Wayne E. Ferson

Derek Horstmeyer1
Jerchern Lin1
1Derek Horstmeyer
1Jerchern Lin
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This paper provides a review of the methods for measuring portfolio performance and the evidence on the performance of professionally managed investment portfolios. Traditional performance measures, strongly influenced by the Capital Asset Pricing Model of Sharpe (1964), were developed prior to 1990. We discuss some of the properties and important problems(More)
Studies of investment performance routinely use various measures of alpha, yet the literature has not established that a positive (negative) alpha, as traditionally measured, means that an investor would want to buy (sell) a fund. However, under general conditions, when alpha is defined using the client's marginal utility function, a client faced with a(More)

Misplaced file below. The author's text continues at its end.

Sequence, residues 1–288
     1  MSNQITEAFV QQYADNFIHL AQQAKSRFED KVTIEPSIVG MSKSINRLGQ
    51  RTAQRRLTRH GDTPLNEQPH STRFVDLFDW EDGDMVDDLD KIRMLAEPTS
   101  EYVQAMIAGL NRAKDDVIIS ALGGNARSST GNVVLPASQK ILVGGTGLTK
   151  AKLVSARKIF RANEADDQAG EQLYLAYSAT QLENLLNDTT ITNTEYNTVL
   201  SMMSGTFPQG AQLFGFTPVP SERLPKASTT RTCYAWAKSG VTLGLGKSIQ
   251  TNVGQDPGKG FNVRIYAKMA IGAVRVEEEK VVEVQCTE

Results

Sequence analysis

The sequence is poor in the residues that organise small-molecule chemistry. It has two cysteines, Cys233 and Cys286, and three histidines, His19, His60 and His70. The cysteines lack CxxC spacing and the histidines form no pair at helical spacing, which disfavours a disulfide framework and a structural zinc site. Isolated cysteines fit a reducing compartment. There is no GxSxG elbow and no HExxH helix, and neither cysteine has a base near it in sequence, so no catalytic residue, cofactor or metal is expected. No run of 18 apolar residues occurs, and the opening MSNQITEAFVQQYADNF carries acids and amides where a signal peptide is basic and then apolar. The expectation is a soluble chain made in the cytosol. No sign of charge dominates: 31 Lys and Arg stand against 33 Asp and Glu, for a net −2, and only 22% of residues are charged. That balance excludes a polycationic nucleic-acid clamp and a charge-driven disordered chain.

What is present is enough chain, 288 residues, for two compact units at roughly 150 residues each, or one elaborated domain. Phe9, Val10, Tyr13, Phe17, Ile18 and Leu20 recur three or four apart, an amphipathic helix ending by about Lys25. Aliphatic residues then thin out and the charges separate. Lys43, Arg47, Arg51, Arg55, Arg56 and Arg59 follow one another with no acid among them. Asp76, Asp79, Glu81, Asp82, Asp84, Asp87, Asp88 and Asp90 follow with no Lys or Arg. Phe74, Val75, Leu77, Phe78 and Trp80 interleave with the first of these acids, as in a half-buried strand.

T his paper makes indirect inference about the time variation in expected stock returns by comparing unconditional sample variances to estimates of expected conditional variances. The evidence reveals more predictability as more information is used, and there is no evidence that predictability has diminished in recent years. Semi-strong-form evidence(More)
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